Two-Phase Commit (2PC) protocol and Three-Phase Commit (3PC) protocol are two most popular algorithms of managing how to commit or abort distributed transactions in Distributed Database Management System (DDBMS).
Two-phase commit (2PC) enables databases to be returned to a former state if an error condition occurs. It helps databases remain synchronized. A coordinator is required and has the role of trying to determine consensus among a set of processes in two phases. In terms of a sequence, first the coordinator contacts all the processes and suggests a value and solicits their response. After getting the responses, the coordinator makes a decision to commit if all processes agreed upon the value or abort if there is a disagreement. In the second phase, the coordinator then contacts all the processes again and communicates the commit or abort decision.
In a three-phase commit (3PC) protocol, all the nodes in a distributed system agree to commit to a transaction. Unlike two-phase commit, the three-phase commit is non-blocking. The phases include preparing to commit and then if the coordinate receives a yes from all processes during the prepare to commit phase then it asks for all the processes to commit.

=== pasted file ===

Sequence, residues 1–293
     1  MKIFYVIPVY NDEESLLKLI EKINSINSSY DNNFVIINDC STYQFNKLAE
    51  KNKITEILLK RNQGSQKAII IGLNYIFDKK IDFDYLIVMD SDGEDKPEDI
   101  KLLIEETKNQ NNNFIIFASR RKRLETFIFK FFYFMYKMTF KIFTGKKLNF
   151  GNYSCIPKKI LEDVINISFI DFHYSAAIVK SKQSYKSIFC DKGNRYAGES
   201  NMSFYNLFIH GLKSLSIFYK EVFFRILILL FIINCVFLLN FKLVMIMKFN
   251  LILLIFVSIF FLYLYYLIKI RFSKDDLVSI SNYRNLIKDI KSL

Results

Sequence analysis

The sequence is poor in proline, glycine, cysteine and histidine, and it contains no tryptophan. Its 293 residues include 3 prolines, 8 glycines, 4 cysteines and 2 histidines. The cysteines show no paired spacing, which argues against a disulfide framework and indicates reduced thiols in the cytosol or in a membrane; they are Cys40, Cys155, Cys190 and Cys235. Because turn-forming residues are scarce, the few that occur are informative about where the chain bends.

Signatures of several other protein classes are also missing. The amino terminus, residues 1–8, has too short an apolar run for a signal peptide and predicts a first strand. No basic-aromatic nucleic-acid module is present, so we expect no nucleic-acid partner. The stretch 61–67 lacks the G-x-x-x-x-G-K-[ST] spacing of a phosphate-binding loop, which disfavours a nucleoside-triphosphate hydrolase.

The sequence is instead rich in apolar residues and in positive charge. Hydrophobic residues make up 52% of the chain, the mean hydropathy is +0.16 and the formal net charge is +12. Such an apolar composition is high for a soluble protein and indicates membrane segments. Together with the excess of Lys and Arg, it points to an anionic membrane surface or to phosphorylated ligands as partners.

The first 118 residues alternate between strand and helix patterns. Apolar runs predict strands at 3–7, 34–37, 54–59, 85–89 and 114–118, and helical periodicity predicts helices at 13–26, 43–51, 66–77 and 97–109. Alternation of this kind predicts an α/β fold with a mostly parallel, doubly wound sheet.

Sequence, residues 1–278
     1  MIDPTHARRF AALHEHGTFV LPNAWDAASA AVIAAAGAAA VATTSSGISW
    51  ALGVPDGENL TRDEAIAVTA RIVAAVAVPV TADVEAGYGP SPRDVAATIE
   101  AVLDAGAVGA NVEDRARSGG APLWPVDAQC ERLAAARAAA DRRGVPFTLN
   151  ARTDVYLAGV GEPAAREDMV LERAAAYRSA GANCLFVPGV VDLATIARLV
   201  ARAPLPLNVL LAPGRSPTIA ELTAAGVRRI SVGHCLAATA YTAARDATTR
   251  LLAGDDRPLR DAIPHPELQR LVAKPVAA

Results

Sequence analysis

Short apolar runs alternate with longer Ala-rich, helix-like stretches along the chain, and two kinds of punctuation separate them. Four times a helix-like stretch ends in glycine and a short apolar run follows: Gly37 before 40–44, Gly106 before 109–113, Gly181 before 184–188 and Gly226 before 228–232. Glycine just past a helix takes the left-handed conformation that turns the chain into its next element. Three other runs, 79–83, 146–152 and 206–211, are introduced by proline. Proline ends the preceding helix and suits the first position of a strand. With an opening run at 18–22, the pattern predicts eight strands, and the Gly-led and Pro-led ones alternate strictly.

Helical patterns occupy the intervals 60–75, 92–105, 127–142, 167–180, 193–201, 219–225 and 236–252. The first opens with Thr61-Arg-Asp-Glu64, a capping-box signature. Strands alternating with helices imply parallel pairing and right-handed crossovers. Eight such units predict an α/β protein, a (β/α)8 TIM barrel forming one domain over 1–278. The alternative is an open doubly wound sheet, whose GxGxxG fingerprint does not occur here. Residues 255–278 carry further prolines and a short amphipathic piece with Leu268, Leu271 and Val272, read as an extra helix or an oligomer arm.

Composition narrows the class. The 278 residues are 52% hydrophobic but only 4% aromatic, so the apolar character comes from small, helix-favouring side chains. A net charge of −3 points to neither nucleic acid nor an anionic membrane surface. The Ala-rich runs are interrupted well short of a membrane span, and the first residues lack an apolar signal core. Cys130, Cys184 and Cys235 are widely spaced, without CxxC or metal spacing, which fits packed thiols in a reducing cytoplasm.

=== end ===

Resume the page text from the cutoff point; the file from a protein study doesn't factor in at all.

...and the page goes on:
In terminating a distributed transaction, since the two-phase commit is a blocking protocol, the system can get stuck. It can get stuck because the system cannot resolve the transaction. If the cohort sends an agreement message to the coordinator it holds the resources associated with consensus until it receives the commit or abort message of the coordinator. The failure of the coordinator then prevents the cohorts from recovering from failure.
On the other hand, the three-phase commit protocol eliminates this blocking problem. If a message times out, for example, other processes can unanimously agree that the operation was aborted. The pre-commit phase helps the recovery when a process failure or both coordinator and process node failure during the commit phase occur. In the event of a system wide power off failure, two-phase commit protocol might not recover data to the initial state when in a blocking state. With a three-phase commit, the model is able to prevent blocking as crashes can be detected accurately. One limitation though, for example, is that this protocol will not function with network partitions or asynchronous communication. It is also important in this situation to do a system-wide backup as part of your disaster recovery plan.
In conclusion, 3PC is a better protocol for both terminating a distributed transactions and recovering from a system wide power off failure.
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